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Two important land-use battles climaxed with opposite outcomes this fall. The City Council approved plans for a Special Flushing Waterfront District in Queens last week, while council opposition to a rezoning of Sunset Park’s Industry City (in Brooklyn) prompted the plan’s sponsors to abandon it.
Each proposal had ardent proponents and detractors in government and in the private economy. But each outcome was essentially determined by just one member of the 51-person council — Peter Koo in District 20 in Queens and Carlos Menchaca in District 38 in Brooklyn.
It shouldn’t have been that way. Too much was at stake for the whole city for the plans to be green-lighted or killed by a single individual. But the council’s long-standing practice of “member deference” gives near-total power over land use changes to the member who represents the district in the council.
The developers who wanted to partially rezone a mostly vacant, 29-acre Flushing Creek site to allow more new buildings to go up modified and compromised to satisfy Koo. However, Industry City’s owners failed to win Menchaca’s support despite making numerous concessions.
The Flushing plan will bring business, apartments, a hotel and a landscaped public park to a wasted stretch of near-empty waterfront land. The regrettably lost Industry City rezoning would have brought more commerce and jobs to the 35-acre complex and pumped $100 million in annual tax revenue to the Big Apple’s pandemic-starved coffers.
Beyond either plan’s merits or faults, the disparate outcomes demonstrate that the investment of so much power in a single councilmember needs to go — especially now, when so many land-use initiatives requiring public review remain on the table.
Vesting so much authority to one person is an invitation to demagoguery and wheeling-and-dealing, granting outsize influence to a councilmember’s ideological bias — for example, Menchaca’s obvious, far-left, anti-development agenda (which of course he denies).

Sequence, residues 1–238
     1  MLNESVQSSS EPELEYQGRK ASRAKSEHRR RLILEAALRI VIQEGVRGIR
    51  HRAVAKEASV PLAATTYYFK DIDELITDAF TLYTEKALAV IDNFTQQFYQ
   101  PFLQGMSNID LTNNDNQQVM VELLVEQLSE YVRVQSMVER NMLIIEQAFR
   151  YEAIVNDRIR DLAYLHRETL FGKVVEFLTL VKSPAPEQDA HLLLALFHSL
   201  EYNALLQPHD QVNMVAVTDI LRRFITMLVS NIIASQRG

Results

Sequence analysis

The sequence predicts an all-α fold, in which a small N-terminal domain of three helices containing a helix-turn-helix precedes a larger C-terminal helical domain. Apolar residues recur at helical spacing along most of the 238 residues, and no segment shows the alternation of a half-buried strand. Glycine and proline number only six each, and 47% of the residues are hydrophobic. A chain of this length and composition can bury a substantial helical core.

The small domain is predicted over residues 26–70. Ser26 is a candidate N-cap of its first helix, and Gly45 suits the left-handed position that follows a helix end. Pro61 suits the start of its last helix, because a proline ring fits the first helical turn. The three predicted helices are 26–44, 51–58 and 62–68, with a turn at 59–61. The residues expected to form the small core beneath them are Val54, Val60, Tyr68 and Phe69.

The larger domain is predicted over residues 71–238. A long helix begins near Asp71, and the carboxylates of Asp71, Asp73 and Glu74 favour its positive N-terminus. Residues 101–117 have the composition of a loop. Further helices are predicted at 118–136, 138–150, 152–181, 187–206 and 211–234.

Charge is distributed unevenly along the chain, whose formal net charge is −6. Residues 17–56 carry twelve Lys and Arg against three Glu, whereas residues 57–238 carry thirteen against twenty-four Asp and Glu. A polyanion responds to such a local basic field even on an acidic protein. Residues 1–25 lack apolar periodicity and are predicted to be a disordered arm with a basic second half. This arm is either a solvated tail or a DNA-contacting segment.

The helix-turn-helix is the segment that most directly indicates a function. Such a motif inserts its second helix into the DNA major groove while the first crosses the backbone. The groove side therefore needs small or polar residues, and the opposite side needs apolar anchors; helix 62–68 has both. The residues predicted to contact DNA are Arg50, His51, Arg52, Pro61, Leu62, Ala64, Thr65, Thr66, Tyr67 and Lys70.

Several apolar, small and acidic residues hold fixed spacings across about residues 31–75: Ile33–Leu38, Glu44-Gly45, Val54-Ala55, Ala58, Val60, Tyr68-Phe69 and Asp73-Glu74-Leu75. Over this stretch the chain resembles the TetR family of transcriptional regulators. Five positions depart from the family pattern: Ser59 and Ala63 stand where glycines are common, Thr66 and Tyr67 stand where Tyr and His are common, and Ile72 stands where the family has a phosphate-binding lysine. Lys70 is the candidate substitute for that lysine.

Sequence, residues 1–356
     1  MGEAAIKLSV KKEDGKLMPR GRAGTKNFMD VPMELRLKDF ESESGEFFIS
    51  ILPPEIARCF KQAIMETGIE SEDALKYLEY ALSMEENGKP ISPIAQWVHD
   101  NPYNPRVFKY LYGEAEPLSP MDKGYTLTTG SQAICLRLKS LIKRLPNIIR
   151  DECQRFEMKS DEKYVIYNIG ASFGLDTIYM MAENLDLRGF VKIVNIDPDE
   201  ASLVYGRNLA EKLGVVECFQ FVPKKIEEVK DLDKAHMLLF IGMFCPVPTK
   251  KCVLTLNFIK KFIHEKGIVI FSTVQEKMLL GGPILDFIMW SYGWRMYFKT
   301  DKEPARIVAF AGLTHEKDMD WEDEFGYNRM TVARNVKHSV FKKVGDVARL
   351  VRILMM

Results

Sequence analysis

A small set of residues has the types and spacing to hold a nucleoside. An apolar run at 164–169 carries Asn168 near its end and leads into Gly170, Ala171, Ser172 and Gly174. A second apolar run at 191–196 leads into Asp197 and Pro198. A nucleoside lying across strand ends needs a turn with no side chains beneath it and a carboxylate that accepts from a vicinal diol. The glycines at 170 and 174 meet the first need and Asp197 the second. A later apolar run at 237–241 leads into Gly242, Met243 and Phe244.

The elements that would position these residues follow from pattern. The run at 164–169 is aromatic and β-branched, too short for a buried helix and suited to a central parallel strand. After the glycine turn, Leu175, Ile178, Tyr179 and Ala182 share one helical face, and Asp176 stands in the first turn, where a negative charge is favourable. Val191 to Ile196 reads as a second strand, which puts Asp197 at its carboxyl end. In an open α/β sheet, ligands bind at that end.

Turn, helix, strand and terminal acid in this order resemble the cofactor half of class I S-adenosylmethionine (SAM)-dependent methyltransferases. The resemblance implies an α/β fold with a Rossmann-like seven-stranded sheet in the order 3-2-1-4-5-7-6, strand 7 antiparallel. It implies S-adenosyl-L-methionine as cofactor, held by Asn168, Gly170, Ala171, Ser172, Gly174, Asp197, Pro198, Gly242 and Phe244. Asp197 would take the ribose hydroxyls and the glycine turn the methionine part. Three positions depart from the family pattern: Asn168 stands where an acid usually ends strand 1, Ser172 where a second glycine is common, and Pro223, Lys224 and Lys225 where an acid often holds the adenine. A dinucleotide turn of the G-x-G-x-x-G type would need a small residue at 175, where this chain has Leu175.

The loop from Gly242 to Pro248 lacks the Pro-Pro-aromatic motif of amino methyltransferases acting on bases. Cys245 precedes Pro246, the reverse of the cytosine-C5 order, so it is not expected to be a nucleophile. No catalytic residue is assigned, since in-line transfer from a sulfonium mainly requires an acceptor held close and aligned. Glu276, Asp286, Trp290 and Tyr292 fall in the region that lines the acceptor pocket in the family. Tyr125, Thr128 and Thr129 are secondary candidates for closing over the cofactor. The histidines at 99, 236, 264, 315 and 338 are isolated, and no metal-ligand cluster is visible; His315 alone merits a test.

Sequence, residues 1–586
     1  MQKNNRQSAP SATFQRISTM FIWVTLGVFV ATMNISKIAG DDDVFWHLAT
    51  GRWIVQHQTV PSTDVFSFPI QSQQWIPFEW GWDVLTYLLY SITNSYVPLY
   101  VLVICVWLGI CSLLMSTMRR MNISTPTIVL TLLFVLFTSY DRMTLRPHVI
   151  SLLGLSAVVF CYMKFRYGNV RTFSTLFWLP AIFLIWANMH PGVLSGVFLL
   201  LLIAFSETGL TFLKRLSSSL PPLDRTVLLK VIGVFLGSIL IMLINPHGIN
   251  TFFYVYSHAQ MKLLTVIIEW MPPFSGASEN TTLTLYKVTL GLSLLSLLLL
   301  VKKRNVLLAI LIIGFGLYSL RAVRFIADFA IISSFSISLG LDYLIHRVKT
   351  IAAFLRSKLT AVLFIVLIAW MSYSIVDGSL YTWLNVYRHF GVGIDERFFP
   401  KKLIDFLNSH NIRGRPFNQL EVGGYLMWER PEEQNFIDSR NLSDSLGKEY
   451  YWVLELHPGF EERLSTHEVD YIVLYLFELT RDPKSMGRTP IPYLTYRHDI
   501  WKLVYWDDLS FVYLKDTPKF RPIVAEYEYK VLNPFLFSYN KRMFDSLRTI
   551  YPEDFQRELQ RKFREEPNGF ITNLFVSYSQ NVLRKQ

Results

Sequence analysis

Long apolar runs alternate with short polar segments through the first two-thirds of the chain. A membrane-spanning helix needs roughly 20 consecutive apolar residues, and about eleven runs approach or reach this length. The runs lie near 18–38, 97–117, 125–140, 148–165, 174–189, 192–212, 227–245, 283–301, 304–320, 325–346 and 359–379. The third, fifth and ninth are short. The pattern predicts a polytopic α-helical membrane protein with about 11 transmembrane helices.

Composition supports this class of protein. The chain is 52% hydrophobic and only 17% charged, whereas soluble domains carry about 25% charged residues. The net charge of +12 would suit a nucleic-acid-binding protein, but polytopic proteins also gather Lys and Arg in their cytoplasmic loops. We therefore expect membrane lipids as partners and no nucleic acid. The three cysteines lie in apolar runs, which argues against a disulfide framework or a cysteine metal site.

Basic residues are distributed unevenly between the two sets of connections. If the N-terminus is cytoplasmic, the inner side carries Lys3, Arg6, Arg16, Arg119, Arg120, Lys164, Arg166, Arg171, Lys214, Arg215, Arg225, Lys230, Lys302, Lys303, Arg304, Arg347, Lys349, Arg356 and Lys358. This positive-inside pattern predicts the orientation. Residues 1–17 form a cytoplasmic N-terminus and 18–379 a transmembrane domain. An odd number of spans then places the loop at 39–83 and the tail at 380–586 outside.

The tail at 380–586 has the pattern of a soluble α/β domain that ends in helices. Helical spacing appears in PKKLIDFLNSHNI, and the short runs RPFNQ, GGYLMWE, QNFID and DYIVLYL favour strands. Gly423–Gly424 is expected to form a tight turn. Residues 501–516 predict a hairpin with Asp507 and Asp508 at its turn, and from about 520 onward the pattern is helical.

Why shouldn’t the councilmember who represents a district not have the ultimate say? It’s reasonable when entire neighborhoods stand to be permanently altered. Those occur mostly when City Hall, rather than a private real-estate company, sponsors the rezoning proposal.
Such was the case in the hard-fought struggle to rezone Midtown East, an enormous, 80-block transformation to bring a vital chunk of Manhattan into the 21st century. Former Councilman Dan Garodnick worked diligently to improve the original proposal. The result is a template for future development that all parties can be proud of.
But the Flushing and Sunset Park battles involved no such large-scale impact. They were about discrete parcels of land separate from the neighborhoods’ hearts. Despite howls over “gentrification,” the changes would not extend an inch beyond their own boundaries.
The Flushing land is cut off from Flushing’s residential and commercial centers by a chain-link fence. Industry City is a nearly self-contained complex north and west of the Gowanus Expressway, only a few blocks away yet worlds removed from Sunset Park’s cozy, low-rise apartment buildings, shops and restaurants.
But “member deference” allowed Menchaca to say no to Industry City — and to all the jobs, amenities and tax revenue it would provide — just because he didn’t like it.
Never mind that the plan enjoyed support from the Partnership for New York City, local chambers of commerce, many Sunset Park residents, labor unions and other members.
Term-limited Council Speaker Corey Johnson, who will leave the job in January 2022, is credited with making the body stronger and more influential. Doing away with member deference where it shouldn’t apply would be a splendid final achievement.
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